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Whistling on the Tracks

The Prophetic Vision of Joseph Roth

THE TALE OF THE 1002SND NIGHT. \o7 By Joseph Roth. Translated from the German by Michael Hofmann (St. Martin's: 266 pp., $23.95)\f7 ; FLIGHT WITHOUT END. \o7 By Joseph Roth. Translated from the German by David LeVay (Overlook Press: 144 pp., $12.95)\f7 ; THE EMPEROR'S TOMB. \o7 By Joseph Roth. Translated from the German by John Hoare (Overlook Press: 158 pp., $12.95 paper)\f7 ; THE SILENT PROPHET. \o7 By Joseph Roth. Translated from the German by David LeVay (Overlook Press: 220 pp., $11.95 paper)\f7 ; THE RADETZKY MARCH. \o7 By Joseph Roth. Translated from the German by Joachim Neugroschel (Overlook Press: 332 pp., $14.95)\f7 ; RIGHT AND LEFT AND THE LEGEND OF THE HOLY DRINKER. \o7 By Joseph Roth. Translated from the German by Michael Hofmann (Overlook Press: 292 pp., $13.95)\f7 ; THE SPIDER'S WEB AND ZIPPER AND HIS FATHER. \o7 By Joseph Roth. Translated from the German by John Hoare (Overlook Press: 246 pp., $11.95)\f7 ; JOB: The Story of a Simple Man. \o7 By Joseph Roth. Translated from the German by Dorothy Thompson (Overlook Press: 238 pp., $13.95)\f7

November 15, 1998|MELVIN JULES BUKIET | Melvin Jules Bukiet is the author of the novel "After" and the forthcoming "Signs and Wonders." He teaches at Sarah Lawrence College

At Gundel's, arguably the best restaurant in Eastern Europe, one of the specialties of the house is simply called "His Majesty's Favorite Soup" as if there's no need to explain what that soup contains. Visiting Budapest a few months ago, ignorant, curious and hungry but wary, I asked about the ingredients and bore the waiter's disdain. It's a creamy potato soup with slivers of beef tongue, a hearty bowl that Franz Joseph, the last emperor of Austria-Hungary's Dual Monarchy, relished as his world collapsed.

But while Franz Joseph apparently enjoyed a peasant's palate in his gilded palace, many of his subjects, including the Jewish writer Joseph Roth, were drawn to the more extravagant aspects of Vienna's court. Though empty of any moral core, the grand fin de siecle aristocracy represented their last hope for a comprehensible universe as outside events careened out of control. Roth, born in 1894, came of age during World War I and died a few months before World War II began (the exact date, like much in his life, is in doubt). Nonetheless he left a legacy of a dozen or so short novels that bring his era, complete with its verities and anxieties, vividly back. Roth's last published work, "The Tale of the 1002nd Night," has just been issued in English for the first time by St. Martin's, while most of his other fiction was republished during the 1980s by Overlook Press in a massive undertaking of cultural and historical fidelity. Together they bring to light one of the most important and unjustly lesser-known writers of the century.

Almost all of Roth's novels take place among the minor echelons of Mitteleuropean society. In "The Radetzky March," his most fully realized work, we follow several generations of a family ennobled after infantryman Joseph Trotta saves the emperor's life during a battle against French troops in 1859. From that moment on, the newly minted Von Trottas enjoy the monarch's special favor, even if they're not precisely sure what to do with it. The son of the "hero of Solferino" becomes a stiff local bureaucrat, while the grandson, Carl Joseph, enlists in the military.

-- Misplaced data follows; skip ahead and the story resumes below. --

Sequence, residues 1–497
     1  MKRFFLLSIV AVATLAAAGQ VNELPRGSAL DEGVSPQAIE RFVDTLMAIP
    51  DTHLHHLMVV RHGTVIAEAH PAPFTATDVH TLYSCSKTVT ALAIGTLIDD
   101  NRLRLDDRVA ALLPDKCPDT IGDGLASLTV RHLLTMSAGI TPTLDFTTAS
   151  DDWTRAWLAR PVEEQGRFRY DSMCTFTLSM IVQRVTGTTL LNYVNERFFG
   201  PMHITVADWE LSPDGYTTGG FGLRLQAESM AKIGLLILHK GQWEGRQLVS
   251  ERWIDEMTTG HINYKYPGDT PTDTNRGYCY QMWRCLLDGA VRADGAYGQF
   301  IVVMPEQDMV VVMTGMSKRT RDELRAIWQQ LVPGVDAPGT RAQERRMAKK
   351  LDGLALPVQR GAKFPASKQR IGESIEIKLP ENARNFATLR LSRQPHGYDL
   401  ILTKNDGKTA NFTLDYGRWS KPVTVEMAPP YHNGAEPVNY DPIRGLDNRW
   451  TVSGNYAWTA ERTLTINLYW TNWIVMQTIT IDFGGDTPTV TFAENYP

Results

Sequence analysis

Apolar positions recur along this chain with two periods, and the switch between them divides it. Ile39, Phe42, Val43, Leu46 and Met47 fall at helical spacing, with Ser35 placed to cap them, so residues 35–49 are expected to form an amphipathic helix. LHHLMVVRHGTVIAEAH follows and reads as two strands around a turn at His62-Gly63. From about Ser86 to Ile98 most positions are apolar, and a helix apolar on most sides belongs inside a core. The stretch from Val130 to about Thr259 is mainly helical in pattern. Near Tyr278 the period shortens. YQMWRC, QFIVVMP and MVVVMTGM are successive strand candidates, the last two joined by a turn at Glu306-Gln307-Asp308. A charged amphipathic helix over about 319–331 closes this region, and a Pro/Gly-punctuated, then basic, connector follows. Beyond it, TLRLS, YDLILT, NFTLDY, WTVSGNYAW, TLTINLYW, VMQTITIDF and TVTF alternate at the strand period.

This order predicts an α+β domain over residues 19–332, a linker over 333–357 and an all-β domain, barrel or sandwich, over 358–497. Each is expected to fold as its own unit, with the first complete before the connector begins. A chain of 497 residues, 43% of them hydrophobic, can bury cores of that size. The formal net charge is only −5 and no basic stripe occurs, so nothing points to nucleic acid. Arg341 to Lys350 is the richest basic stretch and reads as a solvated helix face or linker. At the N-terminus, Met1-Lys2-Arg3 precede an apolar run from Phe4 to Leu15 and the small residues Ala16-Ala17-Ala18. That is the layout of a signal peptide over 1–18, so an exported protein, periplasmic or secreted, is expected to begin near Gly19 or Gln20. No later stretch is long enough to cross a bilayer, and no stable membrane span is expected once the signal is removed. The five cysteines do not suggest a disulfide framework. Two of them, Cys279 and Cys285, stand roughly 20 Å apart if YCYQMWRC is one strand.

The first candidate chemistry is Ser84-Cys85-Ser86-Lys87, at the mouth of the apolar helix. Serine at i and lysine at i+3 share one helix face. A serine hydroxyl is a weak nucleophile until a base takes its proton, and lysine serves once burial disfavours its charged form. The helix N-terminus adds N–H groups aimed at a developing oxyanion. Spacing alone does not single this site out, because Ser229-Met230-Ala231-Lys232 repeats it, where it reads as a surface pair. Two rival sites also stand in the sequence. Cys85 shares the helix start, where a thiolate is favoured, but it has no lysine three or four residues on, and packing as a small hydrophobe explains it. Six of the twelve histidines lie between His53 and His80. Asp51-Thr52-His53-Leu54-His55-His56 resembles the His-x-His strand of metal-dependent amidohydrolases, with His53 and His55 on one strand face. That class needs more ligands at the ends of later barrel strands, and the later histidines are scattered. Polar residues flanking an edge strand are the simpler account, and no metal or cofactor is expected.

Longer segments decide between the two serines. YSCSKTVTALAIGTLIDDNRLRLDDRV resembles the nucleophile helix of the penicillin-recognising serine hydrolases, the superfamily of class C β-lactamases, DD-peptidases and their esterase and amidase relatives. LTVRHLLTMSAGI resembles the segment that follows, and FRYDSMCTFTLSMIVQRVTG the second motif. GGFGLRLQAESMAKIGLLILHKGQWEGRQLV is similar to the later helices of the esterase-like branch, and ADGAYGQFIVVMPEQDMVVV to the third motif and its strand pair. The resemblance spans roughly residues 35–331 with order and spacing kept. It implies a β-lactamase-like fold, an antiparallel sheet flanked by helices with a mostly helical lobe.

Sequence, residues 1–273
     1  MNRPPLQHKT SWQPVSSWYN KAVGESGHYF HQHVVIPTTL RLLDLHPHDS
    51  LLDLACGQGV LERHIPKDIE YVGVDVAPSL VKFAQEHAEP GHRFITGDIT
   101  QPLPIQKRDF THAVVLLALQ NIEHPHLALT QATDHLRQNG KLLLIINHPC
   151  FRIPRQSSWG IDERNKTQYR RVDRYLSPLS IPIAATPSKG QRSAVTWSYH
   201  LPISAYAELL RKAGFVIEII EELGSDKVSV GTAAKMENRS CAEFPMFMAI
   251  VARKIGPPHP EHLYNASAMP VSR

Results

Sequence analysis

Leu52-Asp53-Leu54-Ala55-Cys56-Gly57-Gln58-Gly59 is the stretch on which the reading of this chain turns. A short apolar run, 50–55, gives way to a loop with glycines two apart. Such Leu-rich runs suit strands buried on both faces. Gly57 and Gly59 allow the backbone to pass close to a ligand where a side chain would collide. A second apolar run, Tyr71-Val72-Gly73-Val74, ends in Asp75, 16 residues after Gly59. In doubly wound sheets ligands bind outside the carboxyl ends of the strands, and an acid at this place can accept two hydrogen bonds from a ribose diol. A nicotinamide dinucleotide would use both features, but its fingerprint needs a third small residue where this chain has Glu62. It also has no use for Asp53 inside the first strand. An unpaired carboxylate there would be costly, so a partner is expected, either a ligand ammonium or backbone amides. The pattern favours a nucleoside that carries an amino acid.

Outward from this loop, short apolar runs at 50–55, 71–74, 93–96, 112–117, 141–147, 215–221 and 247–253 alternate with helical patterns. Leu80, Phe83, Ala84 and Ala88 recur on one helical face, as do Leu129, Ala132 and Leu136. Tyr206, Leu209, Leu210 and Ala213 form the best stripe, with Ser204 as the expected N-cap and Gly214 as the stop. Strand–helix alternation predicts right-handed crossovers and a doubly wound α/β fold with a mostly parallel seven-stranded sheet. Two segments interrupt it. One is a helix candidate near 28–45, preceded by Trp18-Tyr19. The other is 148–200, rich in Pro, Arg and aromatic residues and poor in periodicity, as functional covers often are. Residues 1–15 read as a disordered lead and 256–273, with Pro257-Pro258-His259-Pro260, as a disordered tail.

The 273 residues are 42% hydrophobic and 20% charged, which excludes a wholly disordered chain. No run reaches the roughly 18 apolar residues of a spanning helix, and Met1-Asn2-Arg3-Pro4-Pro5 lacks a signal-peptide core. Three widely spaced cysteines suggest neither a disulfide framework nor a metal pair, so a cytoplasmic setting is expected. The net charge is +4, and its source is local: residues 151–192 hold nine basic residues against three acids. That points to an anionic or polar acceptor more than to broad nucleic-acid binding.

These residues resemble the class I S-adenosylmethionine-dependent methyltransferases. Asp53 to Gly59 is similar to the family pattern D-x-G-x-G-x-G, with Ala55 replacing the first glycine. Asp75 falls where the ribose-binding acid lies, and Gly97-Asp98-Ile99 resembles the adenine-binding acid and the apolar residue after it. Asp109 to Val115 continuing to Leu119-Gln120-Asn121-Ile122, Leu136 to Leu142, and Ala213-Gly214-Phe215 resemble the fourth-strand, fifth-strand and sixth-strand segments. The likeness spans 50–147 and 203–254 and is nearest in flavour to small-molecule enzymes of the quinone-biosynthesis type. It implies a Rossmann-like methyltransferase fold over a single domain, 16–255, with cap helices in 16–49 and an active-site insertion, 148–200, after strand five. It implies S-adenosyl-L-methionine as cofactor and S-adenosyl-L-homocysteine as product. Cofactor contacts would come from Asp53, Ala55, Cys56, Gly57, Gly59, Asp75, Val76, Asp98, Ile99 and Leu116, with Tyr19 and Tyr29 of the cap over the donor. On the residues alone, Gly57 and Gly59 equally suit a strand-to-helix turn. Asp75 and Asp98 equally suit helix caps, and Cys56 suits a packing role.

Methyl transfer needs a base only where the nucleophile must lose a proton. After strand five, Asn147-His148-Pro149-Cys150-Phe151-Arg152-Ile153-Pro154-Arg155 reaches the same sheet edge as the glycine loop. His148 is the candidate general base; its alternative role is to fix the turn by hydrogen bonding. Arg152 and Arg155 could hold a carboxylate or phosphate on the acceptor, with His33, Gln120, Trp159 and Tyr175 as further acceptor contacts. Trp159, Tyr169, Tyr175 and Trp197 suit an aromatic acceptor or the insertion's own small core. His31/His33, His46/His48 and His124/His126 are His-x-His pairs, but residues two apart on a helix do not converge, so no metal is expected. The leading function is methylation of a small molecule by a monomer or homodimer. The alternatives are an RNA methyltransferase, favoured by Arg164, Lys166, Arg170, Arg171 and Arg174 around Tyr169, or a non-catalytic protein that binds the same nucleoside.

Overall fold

This last Von Trotta is stationed at the border between the empire and Russia, where he and his peers fritter away their hours gambling and romancing until a silly incident leads to a tragic duel. As Roth describes it, "the lieutenant saw all the somber events of his life fitting together in a somber mosaic as if manipulated by some powerful, hateful, invisible wire puller who was intent on destroying him." Of course, that wire puller is manipulating more than Carl; that wire puller's got the whole world in his hands. The pathetic thing is that nobody knows it. Alas, "their ears were not sharp enough to catch the whirring gears of the great hidden mills that were already grinding out the Great War." Steeped in a dying tradition, these functionaries of the crown catch only the title song that plays at crucial moments throughout the novel like a dirge prior to a funeral.

"The Radetzky March" is, loosely, continued in "The Emperor's Tomb," whose protagonist is a non-titled cousin of the Von Trottas. This cross-pollination between books is a technique Roth uses frequently. Jadlowker, a tavern-keeper; Chojnicki, a cynical nobleman; and Efrussi, a banker who seems reincarnated from a jeweler with the same name in another story, pop up in several other novels, along with the emblematic strains of the march. As Balzac does in "The Human Comedy," Roth creates a literary universe larger than the sum of its parts. His writing, like Balzac's, is bluntly straightforward, occasionally rising to heights of lyricism in sentences like these in "The Emperor's Tomb": "The crickets sang inexhaustibly, and inexhaustibly sang the frogs. A great peace reigned in the world, the austere peace of autumn." Mostly however, Roth relies for his effects on his own, and our, ironic foreknowledge of what awaits his characters.

Roth often sets novels at pivotal historical moments. For example, "The Silent Prophet" parallels the career of Leon Trotsky in its story of Friedrich Kargan, a young radical with "the conviction that one must annihilate a rotten world." Kargan meets a Stalin-like figure called Savelli who has "the temperament of a crocodile in [a] drought." These characters' idealism is doomed and, worse, such absolute idealism contains the seeds of its own destruction.

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